Those numbers would have looked even more daunting if note for an Aug. 24 outing against Biloxi in which he allowed four earned runs on two hits with a pair of talks in 2/3 of an inning.
With an invitation to spring training, Minter is going to get a long look. But with no less than three-day's rest between his appearances last season, the expectation here is he'll be getting time at Triple-A Gwinnett to prove he can handle a most consistent workload.
That could lead to a mid-to-late-season look that, with the intentions of the Braves rekindling the kind of homegrown bullpen they had with Kimbrel/Eric O'Flaherty and Jonny Venters, may have Minter challenging for time in high-leverage situations.
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3. Who will make up the Opening Day relief corps?
Manager Brian Snitker has alluded to the Braves using an eight-man bullpen again this season, and there are a few spots where things could get interesting in this group's makeup.
The givens here are Johnson, Cabrera and Vizcaino and Chaz Roe -- 0.84 ERA over his last 11 appearances -- and Jose Ramirez -- who had a 2.40 ERA down the stretch and has no more minor-league options -- also have strong cases.
But the Braves have two Rule 5 right-handers who they'll have to consider. Daniel Winkler, who showed promise before his elbow injury, needs to stay on the roster for two months or he'll have to be offered back to the Rockies. Then there's Armando Rivero, who had a 105 strikeouts and a 2.13 ERA in 67 2/3 innings last year for the Cubs' Triple-A affiliate.
It seems unlikely both make it, and with questions surrounding Winkler's progress, Rivero's K numbers could win out.
There’s a new right-hander in former first-round pick Luke Jackson and a familiar veteran righty in Blaine Boyer, who hasn't been with the Braves since 2009, and is coming off three seasons with an average ERA of 3.31. But could the Braves go with him over Josh Collmenter and his 2.37 ERA in three starts, and who gives the team a long man who can make a spot start? Lefty John Danks could also fit that role, but he's never been a reliever before.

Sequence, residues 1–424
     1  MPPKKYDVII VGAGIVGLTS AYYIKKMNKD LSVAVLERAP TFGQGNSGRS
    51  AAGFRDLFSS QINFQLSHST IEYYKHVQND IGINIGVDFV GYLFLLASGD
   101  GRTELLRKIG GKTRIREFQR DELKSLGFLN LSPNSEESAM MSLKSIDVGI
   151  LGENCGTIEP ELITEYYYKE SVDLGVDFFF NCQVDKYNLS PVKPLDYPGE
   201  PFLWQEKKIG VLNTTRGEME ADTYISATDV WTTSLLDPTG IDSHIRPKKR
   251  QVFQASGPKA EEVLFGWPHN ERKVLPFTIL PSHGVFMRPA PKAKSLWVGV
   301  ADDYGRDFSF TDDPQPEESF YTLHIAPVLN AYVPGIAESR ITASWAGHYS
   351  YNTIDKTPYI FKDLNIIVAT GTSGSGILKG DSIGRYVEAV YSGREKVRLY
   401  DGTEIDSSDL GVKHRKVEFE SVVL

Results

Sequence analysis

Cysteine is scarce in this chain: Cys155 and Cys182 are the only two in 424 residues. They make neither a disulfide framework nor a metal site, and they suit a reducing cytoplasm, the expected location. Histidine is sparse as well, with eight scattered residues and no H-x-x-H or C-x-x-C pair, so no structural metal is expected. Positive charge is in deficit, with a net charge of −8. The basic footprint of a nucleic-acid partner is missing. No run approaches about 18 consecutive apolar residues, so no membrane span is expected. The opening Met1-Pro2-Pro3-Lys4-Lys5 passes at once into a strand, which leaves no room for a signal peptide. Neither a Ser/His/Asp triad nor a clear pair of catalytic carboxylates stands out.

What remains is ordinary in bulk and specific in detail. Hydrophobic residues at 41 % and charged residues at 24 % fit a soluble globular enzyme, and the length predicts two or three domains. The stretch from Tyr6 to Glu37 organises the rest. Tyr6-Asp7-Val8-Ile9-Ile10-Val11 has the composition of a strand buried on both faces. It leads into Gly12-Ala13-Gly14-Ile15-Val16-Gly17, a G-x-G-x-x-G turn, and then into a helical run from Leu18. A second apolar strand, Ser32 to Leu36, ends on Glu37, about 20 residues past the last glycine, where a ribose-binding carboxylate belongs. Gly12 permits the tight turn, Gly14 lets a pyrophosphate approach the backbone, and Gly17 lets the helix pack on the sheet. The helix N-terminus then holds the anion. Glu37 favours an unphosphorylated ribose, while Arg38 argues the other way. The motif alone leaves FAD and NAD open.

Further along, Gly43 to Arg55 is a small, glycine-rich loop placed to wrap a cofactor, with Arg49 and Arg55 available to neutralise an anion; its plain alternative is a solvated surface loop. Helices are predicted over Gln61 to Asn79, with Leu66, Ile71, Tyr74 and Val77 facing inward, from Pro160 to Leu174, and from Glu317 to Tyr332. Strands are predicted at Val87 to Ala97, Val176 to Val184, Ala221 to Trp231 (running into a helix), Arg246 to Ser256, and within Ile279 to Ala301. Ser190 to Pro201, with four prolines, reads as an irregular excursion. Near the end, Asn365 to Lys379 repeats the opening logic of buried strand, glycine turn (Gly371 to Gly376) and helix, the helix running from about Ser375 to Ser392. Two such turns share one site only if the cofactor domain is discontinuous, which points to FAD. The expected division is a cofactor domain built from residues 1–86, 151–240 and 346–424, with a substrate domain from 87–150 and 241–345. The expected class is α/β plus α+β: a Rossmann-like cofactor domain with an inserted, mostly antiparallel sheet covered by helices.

If Snitker opts to carry two left-handers, Ian Krol and Paco Rodriguez are the clear favorites, despite the return of O'Flaherty and veterans like Sam Freeman and Adam Kolarek. But if only one make it, Krol did have better numbers against righties (259/.320/.366) in 2016 than lefties (.287/.330/.391), and while Rodriguez hasn't pitched since May 2015 with the Dodgers after undergoing Tommy John surgery, before that he had a .174 BAA in 116 games.
Another name to keep an eye on is Akeel Morris. Acquired last year from the Mets for Kelly Johnson, Morris fanned 86 in all in 2016 over 61 innings, including 50 Ks in 35 2/3 in Mississippi.
There's not a more volatile task than trying to piece together a bullpen head of spring, but the best guess is Johnson, Cabrera, Vizcaino, Roe, Rivero, Rodriguez, Morris, Collmenter ... and that is subject to change multiple times before Opening Day.